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Q&A with Leonard Pitts, Jr., author of GRANT PARK


Q&A with Leonard Pitts, Jr., author of GRANT PARK

Leonard Pitts, Jr. is a nationally syndicated and Pulitzer Prize-winning columnist for the Miami Herald, as well as an accomplished and critically acclaimed novelist. Following the breakout success of his previous novel, Freeman, Mr. Pitts returns with a taut, thrilling page-turner in Grant Park.

His newest book takes on the past 45 years of US race relations through the stories of two veteran journalists, a superstar black columnist and his unsung white editor. The novel moves between two eras: Martin Luther King Jr.'s final days in Memphis during the 1968 sanitation workers' strike, and Barack Obama's 2008 election-night rally in Chicago's Grant Park.

To celebrate the book's publication, we are sharing a Q&A with Mr. Pitts.

What was the genesis of Grant Park? Where did the idea first come from?

My books usually start with themes, and then characters and plotlines flow out of them.  So this particular book began with a frustration not unlike what motivates Malcolm when he reads the racist email from Joe MacPherson. I was less interested, though, in exploring the racial aspect of communiqués like that than the sheer illogic and incoherence of them. In my experience, as in Malcolm’s, that sort of facts-optional absurdity has become pretty ubiquitous in discussions of race—and other contentious social issues—in the last half-century or so, whether on cable news, online, or in the local paper. If you’re emotionally invested in resolving such issues, it’s a deeply frustrating thing.

So I decided to write about one man’s response to that frustration and, through him, to talk about how our approach to the things that divide us has changed in the last 40 years. That was the nugget of it. From there, of course, the book sprawled to include themes of fathers and sons, the splintering of the civil rights coalition, and the loss and reclamation of hope.


Your book explores themes that have everything to do with the civil unrest that has affected Baltimore, Ferguson, and other parts of the country. Does a fiction writer have any advantages over a journalist when it comes to shedding light on these issues?

Oh, yes. Reality is seldom neat, for as much as pundits like myself like to try to impose social and ideological order upon it.

In dealing with serious real-life issues in a fictional venue, however, you can order the world according to your own specifications to show whatever it is you’re trying to show and to say whatever it is you’re trying to say. The world is what you say it is, subject, obviously, to the constraints of internal logic. But within those constraints, you can manipulate the “facts” in hopes of finding the truth.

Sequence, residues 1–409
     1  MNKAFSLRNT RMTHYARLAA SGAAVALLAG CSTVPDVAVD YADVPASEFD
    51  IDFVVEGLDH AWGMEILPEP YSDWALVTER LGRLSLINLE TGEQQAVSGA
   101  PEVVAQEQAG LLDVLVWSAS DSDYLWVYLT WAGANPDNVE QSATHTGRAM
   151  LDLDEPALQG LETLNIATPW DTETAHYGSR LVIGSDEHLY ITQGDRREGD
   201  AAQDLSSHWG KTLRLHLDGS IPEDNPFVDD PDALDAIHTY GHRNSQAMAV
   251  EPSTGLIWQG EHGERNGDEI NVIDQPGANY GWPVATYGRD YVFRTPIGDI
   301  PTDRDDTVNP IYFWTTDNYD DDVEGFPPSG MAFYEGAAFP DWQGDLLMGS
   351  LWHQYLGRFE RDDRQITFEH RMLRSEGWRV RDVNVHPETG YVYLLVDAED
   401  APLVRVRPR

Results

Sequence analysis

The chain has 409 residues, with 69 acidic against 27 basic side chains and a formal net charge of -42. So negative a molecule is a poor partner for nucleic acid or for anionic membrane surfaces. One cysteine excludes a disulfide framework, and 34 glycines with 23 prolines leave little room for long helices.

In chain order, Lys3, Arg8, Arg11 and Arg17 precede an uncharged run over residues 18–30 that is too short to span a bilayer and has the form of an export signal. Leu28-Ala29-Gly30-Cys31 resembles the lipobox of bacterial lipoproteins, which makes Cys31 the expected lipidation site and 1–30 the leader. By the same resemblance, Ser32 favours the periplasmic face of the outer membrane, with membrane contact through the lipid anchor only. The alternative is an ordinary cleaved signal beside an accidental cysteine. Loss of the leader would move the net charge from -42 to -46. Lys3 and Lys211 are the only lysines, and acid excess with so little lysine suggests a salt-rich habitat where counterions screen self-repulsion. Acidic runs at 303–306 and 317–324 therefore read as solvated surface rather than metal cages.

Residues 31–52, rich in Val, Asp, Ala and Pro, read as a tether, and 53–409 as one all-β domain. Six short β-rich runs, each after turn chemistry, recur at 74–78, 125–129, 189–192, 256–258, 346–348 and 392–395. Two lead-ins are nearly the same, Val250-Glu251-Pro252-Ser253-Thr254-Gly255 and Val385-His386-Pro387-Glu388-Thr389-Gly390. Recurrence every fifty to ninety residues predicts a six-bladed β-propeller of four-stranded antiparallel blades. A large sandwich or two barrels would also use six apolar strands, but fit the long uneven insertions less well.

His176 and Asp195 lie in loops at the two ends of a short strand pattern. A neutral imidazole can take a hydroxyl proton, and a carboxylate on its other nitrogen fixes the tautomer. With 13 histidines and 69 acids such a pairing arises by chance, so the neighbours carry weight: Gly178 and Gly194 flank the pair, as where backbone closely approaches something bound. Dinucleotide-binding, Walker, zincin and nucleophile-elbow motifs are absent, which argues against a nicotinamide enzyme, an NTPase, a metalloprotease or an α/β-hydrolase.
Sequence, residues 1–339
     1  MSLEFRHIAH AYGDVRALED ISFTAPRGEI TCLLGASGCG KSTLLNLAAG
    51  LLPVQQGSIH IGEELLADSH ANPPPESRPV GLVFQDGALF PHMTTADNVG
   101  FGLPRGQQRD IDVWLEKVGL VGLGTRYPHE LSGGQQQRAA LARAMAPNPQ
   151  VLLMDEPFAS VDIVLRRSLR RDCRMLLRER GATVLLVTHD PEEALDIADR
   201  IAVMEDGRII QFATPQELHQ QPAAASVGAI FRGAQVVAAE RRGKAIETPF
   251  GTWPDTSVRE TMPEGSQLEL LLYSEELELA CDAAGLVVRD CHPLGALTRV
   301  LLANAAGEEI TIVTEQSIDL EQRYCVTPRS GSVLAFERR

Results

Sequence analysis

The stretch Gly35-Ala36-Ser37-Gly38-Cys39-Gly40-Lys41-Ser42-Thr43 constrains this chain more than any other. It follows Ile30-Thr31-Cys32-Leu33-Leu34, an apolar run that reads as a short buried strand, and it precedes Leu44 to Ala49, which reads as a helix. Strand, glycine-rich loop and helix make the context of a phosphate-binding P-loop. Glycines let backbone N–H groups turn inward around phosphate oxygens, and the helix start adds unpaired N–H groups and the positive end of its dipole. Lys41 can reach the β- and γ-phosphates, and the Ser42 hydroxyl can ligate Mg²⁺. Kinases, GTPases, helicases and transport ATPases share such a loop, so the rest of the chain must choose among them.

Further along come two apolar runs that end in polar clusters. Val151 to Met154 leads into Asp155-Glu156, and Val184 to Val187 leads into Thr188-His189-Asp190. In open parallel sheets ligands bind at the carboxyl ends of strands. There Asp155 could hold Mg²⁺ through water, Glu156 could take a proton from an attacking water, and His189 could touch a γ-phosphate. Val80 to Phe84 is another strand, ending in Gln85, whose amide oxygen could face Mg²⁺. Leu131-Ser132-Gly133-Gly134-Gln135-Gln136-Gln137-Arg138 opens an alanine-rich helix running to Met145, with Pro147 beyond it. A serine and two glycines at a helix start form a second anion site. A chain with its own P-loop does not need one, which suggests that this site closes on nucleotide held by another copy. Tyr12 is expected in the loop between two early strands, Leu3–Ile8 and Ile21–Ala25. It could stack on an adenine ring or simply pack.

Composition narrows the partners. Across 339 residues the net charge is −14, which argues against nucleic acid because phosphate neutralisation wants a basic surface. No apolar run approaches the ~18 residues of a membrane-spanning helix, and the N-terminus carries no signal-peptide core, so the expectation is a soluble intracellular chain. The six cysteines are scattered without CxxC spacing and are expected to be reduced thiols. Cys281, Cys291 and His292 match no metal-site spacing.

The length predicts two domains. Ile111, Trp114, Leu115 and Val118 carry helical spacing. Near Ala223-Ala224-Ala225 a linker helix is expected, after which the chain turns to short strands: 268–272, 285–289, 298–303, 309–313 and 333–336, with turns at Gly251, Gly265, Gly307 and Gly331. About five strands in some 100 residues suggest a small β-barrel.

As a journalist, was it challenging to fictionalize well-known political figures such as Martin Luther King, Jr., and President Barack Obama?

Writing Obama was not challenging at all. In the first place, he doesn’t have a whole lot to say in the book and second, he is in our ears almost every day, so I’m very familiar with his speech patterns. For instance, the whole “Hi, everybody,” with which he enters the room in the book is pretty well known to us after six-years-and-change of his presidency. My biggest challenge in writing him was to get the behavior of the Secret Service correct.

King was just the opposite. The only scene of him not taken directly from the historical record, of course, was the long dialogue with Malcolm out back of the hotel. I rewrote that scene several times. I think I was intimidated by the idea of putting words into the mouth of a man who is so revered and well remembered. I wanted to present an off-duty King, shorn of the marble in which he has so long been entombed, but on my first pass at that scene, I had him speaking essentially in bursts of rhetoric, all of which could be sourced to his speeches and books.

Problem is, even great speakers, when they are off duty, do not speak in rhetoric.  They speak like people. So I really had to struggle with giving myself permission to write him just as a man. Much of what he said and does (the drinking and smoking) are still traceable to the historical record, but I also consciously pushed myself to go beyond that and speculate about what he would have said in this particular circumstance.

It was really kind of a scary, but exciting, thing.


Your rendering of King plays a very active role in the story. How do you think your King compares to other popular depictions, such as the King depicted in Selma?

Well, as already noted, I wanted to present him in a less formal and structured way than we are used to seeing, and I think that’s what the depiction in Selma was about. At the end of the day, I think my novel and that movie are both doing the same thing—trying to free him from the amber of our reverence.

It’s interesting. Over the years, we’ve seen warts-and-all cinematic portrayals of other revered figures—John F. Kennedy, Franklin Roosevelt, Thomas Jefferson—but only now are we beginning to see that of Dr. King. He was a great and noble man. He was also a drinker, smoker, and philanderer who suffered from depression in his last days. Only now are we getting around to presenting this truer, fuller portrait of who and what he was.